This article, written by Douglas Holt in the March of 2016, focuses on the business and marketing aspect of social media use, particularly how social media and the web has affected companies’ branding over time. It focuses most strongly on how social media and the web has transformed communication itself and how our culture absorbs information and advertising. Examples of branding via Youtube and advertisements on social media are brought up as strong examples of how certain branding strategies have been weakened on the web due to how people use social medias and who is popular on them.
“What will a future without secrets look like?” That’s the question Alessandro Acqusiti asks the audience of this TED Talk about internet privacy. After revealing chilling research about how he can predict 1 out of 3 social security numbers online. The method? You’ll have to see it to believe it.
Though the concept has become very popular, the act of digital activism is relatively new. This study “Digital Activism and Non-Violent Conflict”, done by communication experts Frank Edwards, Philip N. Howard, and Mary Joyce, attempts to define what digital activism is and how it is used around the world. As well as applying digital activism to non-violent conflicts and discussing when these campaigns of the future can be successful.
Published October 2017, Kent Anderson’s “About Face-Scholarly Publishing and Social Media Regulation,” analyzes critically the loopholes and political aspects of Facebook in the past few years. Anderson entertains the idea of a regulated social media and how users may perceive it. A question posed is his article is where scholarly publishers will turn too when Facebook and other media sources’ growth is stunted by regulation.
Nguyen, a publisher at Buzzfeed, discusses the science behind what makes a post go viral through what she calls cultural cartography, or using past trends to map and potentially predict what kind of posts will explode online. While it sounds like a heartless, cold endeavor, Nguyen’s protocol actually separate the data into more human categories like identity, humor, and stories that make us feel connected to each other. She further contextualizes data as belonging to consumers, not to media giants, and challenges the notion that users have little control over the social media content they are exposed to online. In terms of the past and future of social media, the concept of cultural cartography can be mapped onto predicting the future of social media, usage, and determining what users really find to be of value.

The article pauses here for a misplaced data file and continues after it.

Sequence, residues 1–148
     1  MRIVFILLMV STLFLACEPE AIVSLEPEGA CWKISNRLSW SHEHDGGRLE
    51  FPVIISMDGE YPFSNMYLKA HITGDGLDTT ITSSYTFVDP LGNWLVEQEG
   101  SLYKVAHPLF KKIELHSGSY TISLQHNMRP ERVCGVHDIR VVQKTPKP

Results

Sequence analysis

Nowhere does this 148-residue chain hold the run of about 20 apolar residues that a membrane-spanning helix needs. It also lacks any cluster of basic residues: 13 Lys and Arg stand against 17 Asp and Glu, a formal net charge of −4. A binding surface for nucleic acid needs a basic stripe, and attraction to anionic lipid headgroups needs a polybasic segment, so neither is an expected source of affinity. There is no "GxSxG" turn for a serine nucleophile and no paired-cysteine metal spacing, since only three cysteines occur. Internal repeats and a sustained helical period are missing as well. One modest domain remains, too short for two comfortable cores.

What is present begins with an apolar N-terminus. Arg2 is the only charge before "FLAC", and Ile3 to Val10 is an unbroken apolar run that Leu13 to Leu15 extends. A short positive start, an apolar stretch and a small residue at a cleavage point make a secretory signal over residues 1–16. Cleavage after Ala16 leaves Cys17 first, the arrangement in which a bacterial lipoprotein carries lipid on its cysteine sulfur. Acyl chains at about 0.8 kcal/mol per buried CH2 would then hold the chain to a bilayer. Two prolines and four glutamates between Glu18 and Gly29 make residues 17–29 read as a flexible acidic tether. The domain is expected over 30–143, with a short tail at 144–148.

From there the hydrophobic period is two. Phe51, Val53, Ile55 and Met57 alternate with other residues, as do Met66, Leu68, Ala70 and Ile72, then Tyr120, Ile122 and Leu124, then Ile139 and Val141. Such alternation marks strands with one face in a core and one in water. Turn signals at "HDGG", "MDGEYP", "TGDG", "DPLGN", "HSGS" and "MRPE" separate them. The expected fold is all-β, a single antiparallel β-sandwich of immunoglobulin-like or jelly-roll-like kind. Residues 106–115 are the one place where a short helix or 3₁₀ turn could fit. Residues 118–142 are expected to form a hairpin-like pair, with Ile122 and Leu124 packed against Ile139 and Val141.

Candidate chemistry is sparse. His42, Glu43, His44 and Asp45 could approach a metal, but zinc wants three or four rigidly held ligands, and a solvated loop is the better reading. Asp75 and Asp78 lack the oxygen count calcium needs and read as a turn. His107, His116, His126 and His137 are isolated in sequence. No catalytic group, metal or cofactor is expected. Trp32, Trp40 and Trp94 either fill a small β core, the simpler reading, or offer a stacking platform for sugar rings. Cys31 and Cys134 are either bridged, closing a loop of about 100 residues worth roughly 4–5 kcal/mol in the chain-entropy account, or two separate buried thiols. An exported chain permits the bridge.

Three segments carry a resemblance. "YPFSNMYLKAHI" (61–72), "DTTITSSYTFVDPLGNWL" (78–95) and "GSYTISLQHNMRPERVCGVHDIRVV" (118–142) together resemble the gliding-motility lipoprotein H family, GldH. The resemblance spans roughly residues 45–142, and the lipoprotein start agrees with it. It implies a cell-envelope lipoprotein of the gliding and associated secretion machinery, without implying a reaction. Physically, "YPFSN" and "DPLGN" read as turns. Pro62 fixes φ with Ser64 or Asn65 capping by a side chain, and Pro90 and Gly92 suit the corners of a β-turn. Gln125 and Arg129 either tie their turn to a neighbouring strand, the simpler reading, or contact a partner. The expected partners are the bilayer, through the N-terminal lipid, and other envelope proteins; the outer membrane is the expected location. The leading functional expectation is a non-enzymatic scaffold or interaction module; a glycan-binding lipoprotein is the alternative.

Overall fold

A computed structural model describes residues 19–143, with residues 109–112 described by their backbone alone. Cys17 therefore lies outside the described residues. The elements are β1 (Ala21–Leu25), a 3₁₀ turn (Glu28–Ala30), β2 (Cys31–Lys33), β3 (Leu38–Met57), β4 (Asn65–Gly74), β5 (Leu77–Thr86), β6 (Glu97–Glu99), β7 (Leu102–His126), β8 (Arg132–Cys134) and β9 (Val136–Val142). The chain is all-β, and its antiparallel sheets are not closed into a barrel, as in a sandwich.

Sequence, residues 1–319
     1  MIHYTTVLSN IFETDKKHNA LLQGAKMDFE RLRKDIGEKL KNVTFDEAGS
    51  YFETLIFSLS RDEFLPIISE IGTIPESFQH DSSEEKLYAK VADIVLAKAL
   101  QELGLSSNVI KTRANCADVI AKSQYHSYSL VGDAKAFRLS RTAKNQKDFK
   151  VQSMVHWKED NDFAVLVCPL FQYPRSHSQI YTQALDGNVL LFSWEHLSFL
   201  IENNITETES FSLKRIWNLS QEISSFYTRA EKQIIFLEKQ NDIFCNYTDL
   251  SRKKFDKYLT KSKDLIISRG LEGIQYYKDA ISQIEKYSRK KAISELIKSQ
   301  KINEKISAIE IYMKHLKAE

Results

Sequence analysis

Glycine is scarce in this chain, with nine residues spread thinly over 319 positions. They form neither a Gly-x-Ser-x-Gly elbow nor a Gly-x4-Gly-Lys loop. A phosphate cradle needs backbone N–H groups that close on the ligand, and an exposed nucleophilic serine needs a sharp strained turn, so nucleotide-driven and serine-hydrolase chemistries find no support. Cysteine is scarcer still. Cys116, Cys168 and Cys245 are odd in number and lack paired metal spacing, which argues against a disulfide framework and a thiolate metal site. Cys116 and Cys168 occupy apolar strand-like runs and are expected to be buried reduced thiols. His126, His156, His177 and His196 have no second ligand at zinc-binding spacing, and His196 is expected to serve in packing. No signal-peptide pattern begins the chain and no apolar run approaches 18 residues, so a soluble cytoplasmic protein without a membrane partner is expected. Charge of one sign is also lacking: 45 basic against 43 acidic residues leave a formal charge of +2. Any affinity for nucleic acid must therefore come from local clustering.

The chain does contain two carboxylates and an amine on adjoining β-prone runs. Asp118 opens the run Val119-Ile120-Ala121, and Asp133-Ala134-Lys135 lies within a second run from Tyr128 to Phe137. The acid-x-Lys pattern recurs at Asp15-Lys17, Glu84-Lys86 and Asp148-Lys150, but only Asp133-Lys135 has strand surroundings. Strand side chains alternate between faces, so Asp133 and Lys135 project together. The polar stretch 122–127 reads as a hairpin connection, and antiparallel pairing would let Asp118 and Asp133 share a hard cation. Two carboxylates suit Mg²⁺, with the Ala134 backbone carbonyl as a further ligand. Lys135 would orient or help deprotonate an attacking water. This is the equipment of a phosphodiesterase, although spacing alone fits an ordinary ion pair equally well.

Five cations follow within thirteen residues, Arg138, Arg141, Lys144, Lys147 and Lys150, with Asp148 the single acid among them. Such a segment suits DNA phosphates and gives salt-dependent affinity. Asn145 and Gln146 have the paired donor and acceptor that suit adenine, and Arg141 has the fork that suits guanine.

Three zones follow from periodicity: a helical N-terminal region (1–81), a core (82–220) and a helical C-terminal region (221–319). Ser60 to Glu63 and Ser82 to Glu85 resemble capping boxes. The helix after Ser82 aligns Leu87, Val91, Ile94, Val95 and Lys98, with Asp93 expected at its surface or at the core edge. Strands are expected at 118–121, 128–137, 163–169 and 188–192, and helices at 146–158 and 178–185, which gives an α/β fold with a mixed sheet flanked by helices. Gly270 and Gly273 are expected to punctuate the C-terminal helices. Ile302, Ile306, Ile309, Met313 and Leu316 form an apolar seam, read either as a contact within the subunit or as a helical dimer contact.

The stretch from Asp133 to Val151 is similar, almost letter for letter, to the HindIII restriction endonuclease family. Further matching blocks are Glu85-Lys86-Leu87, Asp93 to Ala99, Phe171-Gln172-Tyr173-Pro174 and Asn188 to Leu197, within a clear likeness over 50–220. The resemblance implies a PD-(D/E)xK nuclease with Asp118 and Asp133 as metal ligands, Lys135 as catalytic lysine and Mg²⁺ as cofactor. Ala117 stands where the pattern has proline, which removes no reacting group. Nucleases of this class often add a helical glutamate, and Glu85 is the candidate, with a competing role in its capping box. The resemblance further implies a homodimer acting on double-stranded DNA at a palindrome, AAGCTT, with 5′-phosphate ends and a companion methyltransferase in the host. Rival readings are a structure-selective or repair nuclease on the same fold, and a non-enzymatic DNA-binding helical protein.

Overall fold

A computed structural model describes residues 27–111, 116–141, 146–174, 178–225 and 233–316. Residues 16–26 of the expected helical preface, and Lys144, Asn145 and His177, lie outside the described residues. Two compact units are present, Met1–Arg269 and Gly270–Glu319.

Lua highlights current trends in social media and suggests how they might move forward. It includes cited sources on the number of social media users, the rise of social messaging and chatbots, and even a note about the fall of organic or referral traffic on sites. This statistic provides an interesting counterpoint on the idea that businesses are using social media more and more and have a significant amount of control over what users see (and don’t). Despite this, Lua does admit that businesses are spending more on ads and social growth, so this article provides an interesting place for conjecture about how the fiscal aspect of social media will change both short and long term.
This is where I would write an introduction to this video clip.